Appreciation for the Bhagavad-gita
"I understand something about the deep spiritual concepts which are upheld in India and I appreciate them," said Pope John Paul II. "I’ve heard about Krishna. Krishna is great." Srila Prabhupada was pleased when Southern Cross wrote a very favorable article about the Hare Krishna movement. He wanted Christians and Vaishnavas to cooperate and respect and appreciate each other’s faith.
"The Hare Krishna movement should be a source of inspiration and move us Christians on to give closer attention to the very spiritual teachings of Jesus," says Father Kenneth L. Robertson, a Roman Catholic priest in Nova Scotia, Canada. "My prayer is that this good work prosper and be appreciated by all men and women of good will for the greater good of mankind."
Father Robert Stephens, a Catholic priest in Australia, considers Krishna "one of the many names of God." He writes that he is "saddened at the narrowness and arrogance of many Christian fundamentalists;" "those who claim a monopoly on all truth or goodness;" "those who desperately cling only to external forms under the pretense of faith in God," and "those who have turned their Sacred Scriptures into mere weaponry against those who differ from themselves."
According to Father Stephens, we who engage in interreligious discussion "have firm support from the Catholic Church, especially the Second Vatican Council, and from such official bodies as the Pontifical Council for Interreligious Dialogue, and the Dialogue Commission of the Catholic Bishops’ Conference of India."
Father Stephens observes that "Because spiritual riches belong to all, dialogue and sharing are not an optional extra in a pluralistic society. We cannot live in a fortress of one-eyed people." Father Gerald O’Collins S.J., similarly, is of the opinion that the Bible does not necessarily provide authoritative answers to new questions which arise in the life of the Church, and that the Bible is not that kind of "norm for every problem and every situation."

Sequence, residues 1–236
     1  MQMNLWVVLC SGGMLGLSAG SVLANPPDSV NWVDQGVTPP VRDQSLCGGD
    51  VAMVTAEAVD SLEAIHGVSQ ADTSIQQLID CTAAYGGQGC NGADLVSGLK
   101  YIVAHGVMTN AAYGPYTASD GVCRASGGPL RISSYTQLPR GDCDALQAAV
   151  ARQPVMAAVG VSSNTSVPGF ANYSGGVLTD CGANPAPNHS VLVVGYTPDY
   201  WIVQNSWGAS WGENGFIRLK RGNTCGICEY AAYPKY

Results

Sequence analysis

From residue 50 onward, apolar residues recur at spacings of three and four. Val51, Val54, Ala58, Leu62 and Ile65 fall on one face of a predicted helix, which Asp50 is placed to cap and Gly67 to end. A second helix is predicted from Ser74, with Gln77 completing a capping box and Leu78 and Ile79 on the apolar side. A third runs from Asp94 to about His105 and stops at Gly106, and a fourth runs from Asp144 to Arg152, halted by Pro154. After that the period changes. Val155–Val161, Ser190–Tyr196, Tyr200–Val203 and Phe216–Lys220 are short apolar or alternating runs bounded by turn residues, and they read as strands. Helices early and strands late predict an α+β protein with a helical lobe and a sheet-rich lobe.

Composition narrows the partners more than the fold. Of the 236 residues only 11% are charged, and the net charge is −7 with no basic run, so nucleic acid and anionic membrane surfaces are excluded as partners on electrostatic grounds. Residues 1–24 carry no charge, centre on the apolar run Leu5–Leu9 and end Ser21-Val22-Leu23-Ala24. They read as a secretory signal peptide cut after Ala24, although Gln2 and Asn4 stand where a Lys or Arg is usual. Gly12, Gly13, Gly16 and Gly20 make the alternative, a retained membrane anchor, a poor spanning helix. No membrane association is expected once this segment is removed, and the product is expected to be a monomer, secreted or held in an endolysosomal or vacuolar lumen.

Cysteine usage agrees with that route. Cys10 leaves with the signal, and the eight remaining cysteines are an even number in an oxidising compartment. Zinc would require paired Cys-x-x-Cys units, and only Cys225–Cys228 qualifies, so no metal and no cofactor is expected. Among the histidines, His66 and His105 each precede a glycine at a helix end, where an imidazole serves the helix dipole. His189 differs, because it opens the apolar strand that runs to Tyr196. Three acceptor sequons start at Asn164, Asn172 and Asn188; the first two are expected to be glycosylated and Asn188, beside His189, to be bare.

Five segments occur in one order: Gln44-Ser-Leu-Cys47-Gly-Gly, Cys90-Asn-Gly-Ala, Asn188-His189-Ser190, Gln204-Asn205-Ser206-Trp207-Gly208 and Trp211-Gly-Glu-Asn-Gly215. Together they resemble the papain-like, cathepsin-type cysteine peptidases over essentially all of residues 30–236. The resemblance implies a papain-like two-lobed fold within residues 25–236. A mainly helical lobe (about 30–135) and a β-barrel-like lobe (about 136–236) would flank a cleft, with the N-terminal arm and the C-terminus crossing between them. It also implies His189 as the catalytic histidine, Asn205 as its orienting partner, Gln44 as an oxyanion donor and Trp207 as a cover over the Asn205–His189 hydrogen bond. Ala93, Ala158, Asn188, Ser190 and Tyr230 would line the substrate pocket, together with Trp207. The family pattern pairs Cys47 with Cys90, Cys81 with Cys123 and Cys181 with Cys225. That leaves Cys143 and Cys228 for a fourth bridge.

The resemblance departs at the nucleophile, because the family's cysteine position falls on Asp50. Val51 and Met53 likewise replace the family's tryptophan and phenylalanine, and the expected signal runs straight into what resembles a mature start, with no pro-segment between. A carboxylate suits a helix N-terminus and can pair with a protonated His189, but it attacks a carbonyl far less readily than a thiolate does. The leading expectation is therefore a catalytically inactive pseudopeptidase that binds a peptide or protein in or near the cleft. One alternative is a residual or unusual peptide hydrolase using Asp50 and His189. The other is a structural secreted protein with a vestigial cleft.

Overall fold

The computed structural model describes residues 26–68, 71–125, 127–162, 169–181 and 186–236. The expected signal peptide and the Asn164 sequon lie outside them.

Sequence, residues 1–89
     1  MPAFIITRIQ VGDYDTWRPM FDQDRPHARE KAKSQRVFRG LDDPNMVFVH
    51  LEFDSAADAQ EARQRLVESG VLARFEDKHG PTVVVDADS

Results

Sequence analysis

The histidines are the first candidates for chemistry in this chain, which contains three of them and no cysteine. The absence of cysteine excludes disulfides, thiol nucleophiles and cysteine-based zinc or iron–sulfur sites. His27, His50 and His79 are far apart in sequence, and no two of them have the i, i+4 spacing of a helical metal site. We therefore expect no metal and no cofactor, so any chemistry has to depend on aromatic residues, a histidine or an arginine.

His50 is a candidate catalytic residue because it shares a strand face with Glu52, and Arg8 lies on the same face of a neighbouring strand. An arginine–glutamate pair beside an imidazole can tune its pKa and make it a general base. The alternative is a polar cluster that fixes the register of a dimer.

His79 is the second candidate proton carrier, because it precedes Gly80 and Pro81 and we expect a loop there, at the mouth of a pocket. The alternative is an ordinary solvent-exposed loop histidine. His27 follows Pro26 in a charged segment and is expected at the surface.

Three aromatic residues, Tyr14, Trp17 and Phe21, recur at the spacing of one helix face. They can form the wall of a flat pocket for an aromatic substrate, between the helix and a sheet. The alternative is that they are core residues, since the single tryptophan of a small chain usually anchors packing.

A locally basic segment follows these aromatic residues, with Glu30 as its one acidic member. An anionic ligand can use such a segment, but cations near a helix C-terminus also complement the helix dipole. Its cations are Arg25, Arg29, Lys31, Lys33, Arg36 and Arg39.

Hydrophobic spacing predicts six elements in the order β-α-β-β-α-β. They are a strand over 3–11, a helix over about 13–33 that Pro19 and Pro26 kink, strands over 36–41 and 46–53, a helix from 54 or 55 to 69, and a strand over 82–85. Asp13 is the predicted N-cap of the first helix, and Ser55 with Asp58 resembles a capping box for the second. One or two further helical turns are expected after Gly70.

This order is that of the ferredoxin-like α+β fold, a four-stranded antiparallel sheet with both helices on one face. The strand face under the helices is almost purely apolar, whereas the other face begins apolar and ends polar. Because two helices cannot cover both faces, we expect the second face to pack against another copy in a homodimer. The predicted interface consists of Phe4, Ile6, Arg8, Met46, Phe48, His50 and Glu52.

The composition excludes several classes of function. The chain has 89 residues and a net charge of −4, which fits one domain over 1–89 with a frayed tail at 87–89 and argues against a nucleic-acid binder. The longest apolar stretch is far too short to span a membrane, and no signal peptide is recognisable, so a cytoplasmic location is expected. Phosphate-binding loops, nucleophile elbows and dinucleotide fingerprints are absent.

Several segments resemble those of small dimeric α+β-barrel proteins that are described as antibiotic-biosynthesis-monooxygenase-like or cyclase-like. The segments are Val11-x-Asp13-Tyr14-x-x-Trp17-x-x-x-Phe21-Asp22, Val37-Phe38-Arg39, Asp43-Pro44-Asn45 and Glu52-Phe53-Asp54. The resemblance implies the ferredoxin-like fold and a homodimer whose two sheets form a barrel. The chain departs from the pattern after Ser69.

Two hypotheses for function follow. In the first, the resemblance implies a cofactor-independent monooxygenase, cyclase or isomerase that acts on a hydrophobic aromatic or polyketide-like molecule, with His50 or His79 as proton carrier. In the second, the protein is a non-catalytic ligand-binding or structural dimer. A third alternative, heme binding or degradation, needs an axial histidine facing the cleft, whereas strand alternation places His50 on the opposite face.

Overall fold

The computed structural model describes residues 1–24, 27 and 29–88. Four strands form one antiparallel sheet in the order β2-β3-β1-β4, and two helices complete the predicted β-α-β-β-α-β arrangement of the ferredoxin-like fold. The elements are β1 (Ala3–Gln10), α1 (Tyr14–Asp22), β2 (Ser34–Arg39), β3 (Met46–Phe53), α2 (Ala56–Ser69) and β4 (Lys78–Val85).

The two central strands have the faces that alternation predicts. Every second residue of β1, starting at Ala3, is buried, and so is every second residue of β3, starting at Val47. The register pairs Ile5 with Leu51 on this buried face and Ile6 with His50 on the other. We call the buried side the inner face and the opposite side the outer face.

Father Bede Griffiths says of Bhagavad-gita, "For a Christian, this is a wonderful confirmation of God’s love contained in the Gospel." Meister Eckhart wrote: "When we say God is ‘eternal,’ we mean God is eternally young." This is Krishna Consciousness. God is an eternal youth. Matthew Fox’s statement that "God and God’s Son are ultimately attractive and alluring because of their beauty" is also consistent with Vaishnavaism. The name "Krishna" means "the all attractive one."
World Religions: From Ancient History to the Present, edited by Geoffrey Parrinder, states that one conclusion of Bhagavad-gita is:
"...there is no rebirth when a man devotes his whole heart to the Lord. The wicked man who adores the Lord becomes holy; even women, vaishyas and shudras (are saved)." The Vaishnava tradition is described as a warm, devotional religion, drawing women and members of the low castes to itself...first announced in the Gita...destined for a long and fruitful career through Indian history."
World Religions explains: "The Vaishnava saints...wrote ecstatic poetry in praise of the Lord in the vernacular..." A key Vaishnavaite doctrine is that of prapatti, or throwing oneself completely on God’s mercy; feeling oneself completely dependent upon the Lord. One school of thought teaches that receiving salvation is comparable to the monkey, which carries its young clinging to its belly—the individual must properly use his free will for grace to assent. Another school of thought uses the analogy of the cat which carries its kitten by the neck—God’s grace requires no human effort.
In Bhagavad-gita ("The Lord’s Song"), Lord Krishna reveals Himself as an incarnation of God to His disciple Arjuna. According to the Gita (11:48), one cannot come to know God personally by study of the scriptures, nor by performing sacrifices, nor by charity, nor by good deeds, nor by penances.
The Gita (11:54-55) teaches that God can only be known through love and devotion. The Brahma-Samhita (34) says the ascetics and deep thinkers who try to understand God through their own abilities merely touch the outskirts of His lotus feet, and do not know Him intimately. The Gita (Ch. 12) explains one must lead a life of devotion to a personal God. Those completely devoted to God are not affected by worldly conflicts, concerns, and entanglements, and are very, very dear to Him.
The Lord’s devotees are lifted by the Lord into a state of spiritual grace; free from the entanglements of the world and the flesh, because—by His mercy—they are able to serve Him personally. (Gita 14:26-27) One can understand God only by devotion. (Gita 18:55) Only through devotion can one enter into the kingdom of God. One must surrender oneself completely to God.
By His grace ("tat-prasadat") one receives everlasting peace and the spiritual Kingdom. (Gita 18:58-66)
The understanding of grace versus works in the Vaishnava tradition is somewhat different compared to that of Christianity. Dr. William Deadwyler (Ravindra Svarupa dasa), a leader in Krishna Consciousness, noted the similarities and differences between the two theologies when giving an account of his own religious upbringing and his observations of the Christian devotional life: